And I want students to be comfortable asking questions. I tell my students every time, if there’s something I said onstage tonight that makes no sense to you, come talk to me. Or ask your leader in your small group. If a student says, “OK, you just said this and it doesn’t make sense,” that really excites me because I know they were listening.

 

What have you been tinkering with, format-wise?

Previously the kids were split up by age and gender. This year I wanted to mix it up a little. I’ve heard from past classes: “I know who the girls are, but I don’t really know them. I don’t feel comfortable talking with them.”

I want to see a group that isn’t founded on a friend group here or a friend group there, cliquing up. Like, our guys are really close together and our girls are really close together but they don’t know how to cross over. I want it to be a group that knows you can know and love somebody without it being, Oh, you’re my girlfriend if I talk to you.

Obviously there will be some topics where we do put the girls together and the guys together. We do have clear boundaries on certain things. But, looking at the rest of their lives, they’re not going to live segregated as guys and girls. There is such a bigger understanding of things.

 

OK, the predictable question here: Could this approach lead to romantic relationships that kids may not be ready for?

From my experience, I think that was even stronger when they separated the guys and girls more. The more they separated us, the more we questioned why. Who are they?

I want to get to a normal where it’s OK to go talk to a girl or a guy. You don’t just talk to a girl or a guy because you want to date them. It’s OK to have a friend of the opposite sex. Just because I go talk to you doesn’t mean I’m interested in trying to date you or marry you one day. I just want to know who you are.

And I see that in our students. Some are a little flirty and we know those kids. But for a lot of students, they just want to get to know people. I don’t want to have to be shy or weird around you because you’re a guy or a girl. I want them to get a better idea of what it looks like to respect the other. For our guys, what does it look like to actually be a friend and be a gentleman to the girls?

 

Now with some staff shuffling, you’ve taken on the Rooted ministry as well. What’s your focus there?

My hope is for our community to be a place for college-age students and young adults to come and take ownership of their faith. Many people, myself included, grew up in the church living out their family’s faith. But then in these crucial years of beginning to live on your own, you can truly learn, refine and own your faith. We want to be a space where people can come and ask real questions and then journey into those together as a community.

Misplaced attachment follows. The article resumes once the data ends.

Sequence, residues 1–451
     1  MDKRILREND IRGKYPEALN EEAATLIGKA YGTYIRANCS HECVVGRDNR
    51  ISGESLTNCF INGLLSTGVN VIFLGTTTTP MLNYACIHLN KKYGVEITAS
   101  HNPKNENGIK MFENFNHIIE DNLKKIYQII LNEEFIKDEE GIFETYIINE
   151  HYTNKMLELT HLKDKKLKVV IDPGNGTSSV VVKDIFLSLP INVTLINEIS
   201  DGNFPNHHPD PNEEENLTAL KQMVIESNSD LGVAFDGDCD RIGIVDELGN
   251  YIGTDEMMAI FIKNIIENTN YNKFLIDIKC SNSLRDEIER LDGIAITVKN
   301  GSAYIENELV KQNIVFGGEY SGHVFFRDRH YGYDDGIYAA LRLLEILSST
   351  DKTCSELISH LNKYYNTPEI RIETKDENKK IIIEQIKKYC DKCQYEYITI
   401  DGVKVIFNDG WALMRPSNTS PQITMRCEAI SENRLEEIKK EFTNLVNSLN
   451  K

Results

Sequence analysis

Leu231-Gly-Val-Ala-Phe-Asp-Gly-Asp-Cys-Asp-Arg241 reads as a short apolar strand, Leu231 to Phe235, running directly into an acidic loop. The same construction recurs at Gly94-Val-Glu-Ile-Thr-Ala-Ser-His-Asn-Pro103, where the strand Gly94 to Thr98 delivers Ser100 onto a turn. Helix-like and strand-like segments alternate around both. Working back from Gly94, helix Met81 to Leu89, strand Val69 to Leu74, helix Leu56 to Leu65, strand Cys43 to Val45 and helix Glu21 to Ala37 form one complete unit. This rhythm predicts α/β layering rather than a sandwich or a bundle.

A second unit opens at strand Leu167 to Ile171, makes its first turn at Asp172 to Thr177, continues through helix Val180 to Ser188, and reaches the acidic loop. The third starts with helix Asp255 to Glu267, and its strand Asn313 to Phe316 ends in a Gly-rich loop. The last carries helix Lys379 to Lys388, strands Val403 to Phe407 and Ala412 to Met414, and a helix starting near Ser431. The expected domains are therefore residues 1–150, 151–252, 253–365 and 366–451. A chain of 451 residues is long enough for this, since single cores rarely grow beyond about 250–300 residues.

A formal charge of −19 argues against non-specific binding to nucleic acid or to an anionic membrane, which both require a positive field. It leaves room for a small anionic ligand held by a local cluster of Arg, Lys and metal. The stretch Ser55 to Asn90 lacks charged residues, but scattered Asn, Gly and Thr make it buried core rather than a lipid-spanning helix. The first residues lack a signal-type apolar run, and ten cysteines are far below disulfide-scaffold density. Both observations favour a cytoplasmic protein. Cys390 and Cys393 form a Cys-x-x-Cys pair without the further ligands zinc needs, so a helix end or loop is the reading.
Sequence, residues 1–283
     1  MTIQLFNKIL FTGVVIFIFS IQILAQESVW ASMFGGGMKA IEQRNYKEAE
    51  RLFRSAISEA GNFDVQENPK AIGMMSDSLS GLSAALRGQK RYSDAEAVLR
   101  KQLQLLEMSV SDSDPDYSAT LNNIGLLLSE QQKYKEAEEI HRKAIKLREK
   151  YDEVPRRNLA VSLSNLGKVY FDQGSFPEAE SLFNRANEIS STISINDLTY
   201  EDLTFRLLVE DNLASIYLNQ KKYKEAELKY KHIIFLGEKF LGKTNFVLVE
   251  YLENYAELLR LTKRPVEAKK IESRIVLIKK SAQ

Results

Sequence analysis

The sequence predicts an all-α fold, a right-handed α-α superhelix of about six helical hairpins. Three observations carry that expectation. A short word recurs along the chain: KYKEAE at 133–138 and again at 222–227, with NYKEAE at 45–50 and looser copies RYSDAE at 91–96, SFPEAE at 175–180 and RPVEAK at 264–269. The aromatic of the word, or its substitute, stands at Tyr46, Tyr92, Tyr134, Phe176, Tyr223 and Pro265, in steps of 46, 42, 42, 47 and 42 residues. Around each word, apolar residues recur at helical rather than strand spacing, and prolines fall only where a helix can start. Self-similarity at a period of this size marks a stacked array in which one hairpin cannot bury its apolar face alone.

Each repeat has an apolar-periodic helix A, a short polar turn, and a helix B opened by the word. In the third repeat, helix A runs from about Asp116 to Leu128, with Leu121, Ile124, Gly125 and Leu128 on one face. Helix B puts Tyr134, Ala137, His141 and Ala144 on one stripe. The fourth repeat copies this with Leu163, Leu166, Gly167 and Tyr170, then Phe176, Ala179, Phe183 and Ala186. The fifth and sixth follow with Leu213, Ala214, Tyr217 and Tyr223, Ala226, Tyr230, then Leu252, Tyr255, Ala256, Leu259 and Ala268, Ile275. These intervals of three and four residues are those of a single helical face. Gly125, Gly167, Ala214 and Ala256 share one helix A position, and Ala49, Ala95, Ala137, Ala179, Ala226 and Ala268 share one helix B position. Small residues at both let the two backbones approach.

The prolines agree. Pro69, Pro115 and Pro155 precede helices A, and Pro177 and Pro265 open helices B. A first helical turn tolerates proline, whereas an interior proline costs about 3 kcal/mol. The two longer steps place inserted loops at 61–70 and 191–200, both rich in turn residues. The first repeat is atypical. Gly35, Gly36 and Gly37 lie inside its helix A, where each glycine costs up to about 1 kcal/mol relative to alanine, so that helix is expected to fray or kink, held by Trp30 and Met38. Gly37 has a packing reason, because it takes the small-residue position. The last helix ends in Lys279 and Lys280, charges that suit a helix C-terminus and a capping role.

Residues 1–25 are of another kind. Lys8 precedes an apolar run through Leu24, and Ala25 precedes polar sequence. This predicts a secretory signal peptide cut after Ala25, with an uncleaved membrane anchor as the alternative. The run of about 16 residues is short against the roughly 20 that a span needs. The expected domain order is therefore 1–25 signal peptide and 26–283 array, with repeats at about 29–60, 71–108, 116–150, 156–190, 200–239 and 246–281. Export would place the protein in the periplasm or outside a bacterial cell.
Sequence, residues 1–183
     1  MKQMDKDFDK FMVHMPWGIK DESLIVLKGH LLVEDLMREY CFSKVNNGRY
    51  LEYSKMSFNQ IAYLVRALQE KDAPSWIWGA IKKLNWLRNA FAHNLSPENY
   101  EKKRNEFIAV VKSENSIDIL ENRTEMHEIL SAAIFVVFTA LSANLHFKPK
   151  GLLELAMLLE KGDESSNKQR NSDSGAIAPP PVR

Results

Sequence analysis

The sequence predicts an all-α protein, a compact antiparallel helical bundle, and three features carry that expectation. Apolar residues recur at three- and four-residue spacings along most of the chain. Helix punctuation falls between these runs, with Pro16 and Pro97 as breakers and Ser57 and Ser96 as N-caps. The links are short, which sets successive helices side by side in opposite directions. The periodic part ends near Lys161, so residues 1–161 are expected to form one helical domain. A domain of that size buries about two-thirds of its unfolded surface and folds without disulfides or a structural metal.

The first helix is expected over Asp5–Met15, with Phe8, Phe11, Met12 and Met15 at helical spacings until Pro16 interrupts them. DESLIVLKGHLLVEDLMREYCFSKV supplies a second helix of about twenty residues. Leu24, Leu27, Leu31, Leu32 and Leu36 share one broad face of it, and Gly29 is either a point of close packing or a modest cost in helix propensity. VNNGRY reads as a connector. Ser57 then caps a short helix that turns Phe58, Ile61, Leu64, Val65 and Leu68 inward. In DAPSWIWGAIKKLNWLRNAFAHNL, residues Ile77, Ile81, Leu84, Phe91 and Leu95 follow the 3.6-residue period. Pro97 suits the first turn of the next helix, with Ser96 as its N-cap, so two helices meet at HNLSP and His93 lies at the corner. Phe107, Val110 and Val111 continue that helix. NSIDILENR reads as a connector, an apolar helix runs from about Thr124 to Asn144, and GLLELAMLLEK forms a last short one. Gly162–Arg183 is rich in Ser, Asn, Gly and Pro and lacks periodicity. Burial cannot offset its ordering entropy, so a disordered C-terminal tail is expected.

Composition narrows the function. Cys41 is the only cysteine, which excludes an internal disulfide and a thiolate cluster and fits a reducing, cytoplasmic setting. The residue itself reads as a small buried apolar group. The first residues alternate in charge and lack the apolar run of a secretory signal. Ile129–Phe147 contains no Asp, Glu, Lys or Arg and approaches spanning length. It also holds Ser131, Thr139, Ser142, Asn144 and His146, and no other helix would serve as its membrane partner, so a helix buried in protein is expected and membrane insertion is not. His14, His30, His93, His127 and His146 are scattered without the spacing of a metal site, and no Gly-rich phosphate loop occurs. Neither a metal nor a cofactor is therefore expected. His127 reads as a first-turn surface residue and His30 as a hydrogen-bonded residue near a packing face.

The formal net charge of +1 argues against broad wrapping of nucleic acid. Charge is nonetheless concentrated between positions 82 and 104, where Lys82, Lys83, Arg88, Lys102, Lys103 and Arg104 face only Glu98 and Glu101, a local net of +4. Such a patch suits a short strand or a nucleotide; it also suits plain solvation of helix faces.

Rooted college/young-adult ministry meets every Tuesday in the lower level of the main campus.

 

What are you learning so far?

We all come in with everything we have learned from our families and home churches. We can bring these different perspectives not to change others or prove others wrong, but for better learning. I can only grow when I hear, see and experience others’ views — not just by sitting in things I already believe or by listening to people who think exactly like me.

 

Seems like you could do some easy research by asking the Rooted group what worked and didn’t work for them back in junior high.

One of my questions is always, “What was your youth group experience like? What things have you held on to, and what things do you say ‘That was just traumatizing. I’m trying to forget that’?

A lot of them have shared: The best things, biggest and fondest memories weren’t from a big event night or even retreats. It was just moments, whether scheduled or unscheduled, just being together. There was one youth pastor or one leader who was so committed, just inviting us over to their house or to do things together. And that is the picture I’m holding now in my mind of what true community looks like.

It’s not about bigger, better events. It’s not about making my teaching the most crazy with so many examples or whatever, it’s about the moments where they were affirmed, that they had friends and a place to belong. That they were seen. They were heard. Those are the things that they remember most. So then those are the things that I want to put a lot of our time into.

 

Is there a bottom line for you in ministry?

What I want for our students is to get to a point that, I know that Jesus is real. I know the things he said and the things he has done for me are real, because I have seen and experienced first-hand his followers, his people, living that same thing out to me.

I know I’m here because of people like Meredith and my other leaders back in that youth group — people who didn’t just understand this whole Jesus thing, but made it real. And they allowed me to have that same experience. They just loved me and cared for me. I know Jesus is real because I saw his disciples do that work in my life.

 

Clayton’s Favorites